Digitalisation: a winning strategy on all fronts

Over 10 years ago, L’Oréal took a digital turn by transforming its marketing model and providing digital upskilling training for its employees on a large scale. This winning strategy has proven its value again and again, but particularly in the context of the Covid-19 crisis.
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Teams drive the digital transformation

L’Oréal’s digital transformation has enabled the Group to build new relationships based on innovation, relevance, transparency and trust with both consumers and employees. This digital turn, which got its start 10 years ago, has been successful thanks to driven teams, internal strategic abilities, clear governance and support at the highest levels of the company. L’Oréal has developed powerful tools, like its digital factories , to reduce the time required to create a new website from two years to just a few months. These major assets proved their worth yet again during the various lockdowns around the globe, enabling the Group to quickly adapt its engagement strategy to continue to reach consumers.

The teams’ ability to manage change and their obsessive pursuit of excellence drove this transformation, which is shaping the future of the cosmetics industry.

Beauty tech for better e-commerce

When brick-and-mortar stores had to close because of public health lockdowns, L’Oréal had all the tools necessary to maintain contact with its consumers and continue selling its products. By incorporating new technologies wherever consumers make purchases, the Group stood out not only because of the quality of its products, but also because it gave consumers the possibility to try them on virtually using augmented reality. L’Oréal added its ModiFace virtual try-on technology to its own brands’ websites as well to the websites of over 25 distributor partners in countries across the globe. This ecosystem comprises a wide range of participants: pure players, third-party retailers that do most of their business online, like Amazon or Lazada; e-retailers, the sites of L’Oréal’s traditional distributors, like Boots in the United Kingdom, DM in Germany and Watsons and Asia; and marketplace platforms like Tmall in China, which puts online buyers and sellers in touch.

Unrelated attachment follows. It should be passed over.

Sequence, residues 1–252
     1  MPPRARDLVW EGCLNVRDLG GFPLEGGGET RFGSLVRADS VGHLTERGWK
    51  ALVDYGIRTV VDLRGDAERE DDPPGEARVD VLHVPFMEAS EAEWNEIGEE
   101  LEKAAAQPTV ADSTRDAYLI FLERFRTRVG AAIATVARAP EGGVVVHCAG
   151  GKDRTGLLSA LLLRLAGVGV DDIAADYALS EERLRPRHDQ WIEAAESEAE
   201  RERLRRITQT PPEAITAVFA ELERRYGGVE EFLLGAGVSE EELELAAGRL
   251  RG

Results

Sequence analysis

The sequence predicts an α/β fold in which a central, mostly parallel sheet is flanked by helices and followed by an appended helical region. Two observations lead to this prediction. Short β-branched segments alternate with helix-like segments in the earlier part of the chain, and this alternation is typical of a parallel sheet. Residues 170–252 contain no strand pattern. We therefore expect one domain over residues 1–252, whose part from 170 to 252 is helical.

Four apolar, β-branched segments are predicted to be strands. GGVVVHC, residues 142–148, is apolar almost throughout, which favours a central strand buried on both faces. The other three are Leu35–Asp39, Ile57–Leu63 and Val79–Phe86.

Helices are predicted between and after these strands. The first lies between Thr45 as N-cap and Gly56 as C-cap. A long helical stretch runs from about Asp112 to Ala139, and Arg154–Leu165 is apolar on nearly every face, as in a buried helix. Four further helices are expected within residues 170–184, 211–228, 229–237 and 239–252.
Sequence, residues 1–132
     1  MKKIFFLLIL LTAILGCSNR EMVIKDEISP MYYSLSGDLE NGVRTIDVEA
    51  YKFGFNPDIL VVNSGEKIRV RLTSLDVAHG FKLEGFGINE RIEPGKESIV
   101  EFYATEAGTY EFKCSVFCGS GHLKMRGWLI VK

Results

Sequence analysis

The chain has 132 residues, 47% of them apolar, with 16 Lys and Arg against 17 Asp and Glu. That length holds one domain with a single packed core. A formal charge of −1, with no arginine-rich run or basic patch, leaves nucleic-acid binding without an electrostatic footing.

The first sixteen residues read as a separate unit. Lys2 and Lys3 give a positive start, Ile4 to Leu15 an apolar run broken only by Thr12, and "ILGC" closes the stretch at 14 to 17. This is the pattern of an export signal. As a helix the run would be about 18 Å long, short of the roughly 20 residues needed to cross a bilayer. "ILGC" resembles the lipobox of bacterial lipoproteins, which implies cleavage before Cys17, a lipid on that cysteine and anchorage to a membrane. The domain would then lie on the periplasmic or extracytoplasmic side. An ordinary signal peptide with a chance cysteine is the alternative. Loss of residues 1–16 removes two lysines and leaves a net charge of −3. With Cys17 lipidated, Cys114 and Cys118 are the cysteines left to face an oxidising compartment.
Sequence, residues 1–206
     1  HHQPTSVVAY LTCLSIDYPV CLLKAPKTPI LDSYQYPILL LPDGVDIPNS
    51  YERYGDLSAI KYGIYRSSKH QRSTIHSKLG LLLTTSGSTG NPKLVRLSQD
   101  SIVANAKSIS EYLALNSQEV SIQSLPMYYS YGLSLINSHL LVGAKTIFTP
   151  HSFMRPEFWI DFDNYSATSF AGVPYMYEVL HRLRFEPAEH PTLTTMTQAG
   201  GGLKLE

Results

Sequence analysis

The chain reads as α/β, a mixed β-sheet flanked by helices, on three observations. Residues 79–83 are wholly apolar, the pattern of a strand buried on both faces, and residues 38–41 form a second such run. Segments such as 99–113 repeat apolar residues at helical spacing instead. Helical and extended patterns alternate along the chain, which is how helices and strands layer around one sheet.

The Group also works with the world's leading social networks—including YouTube, Facebook, Instagram, WeChat and other platforms—to radically transform the beauty experience. Virtual try-ons can be accessed directly from a Facebook newsfeed, or a purchasing experience on Instagram. L’Oréal is connected to thousands of start-ups and involved in over 100 projects through important partnerships with investment funds or incubators like Partech, Founders Factory, Station F and Plug and Play. The Group has given itself the means to identify the best technologies and teams and to include these innovations in its activations.

The online sales boom

L’Oréal has all the tools it needs to capitalise on innovation and e-commerce, which grew over 60% to account for nearly 27% of sales in 2020 . This remarkable development reached its peak in April 2020 with e-commerce at 34% of sales when most traditional points of sale were closed, but it remains very strong in many countries.

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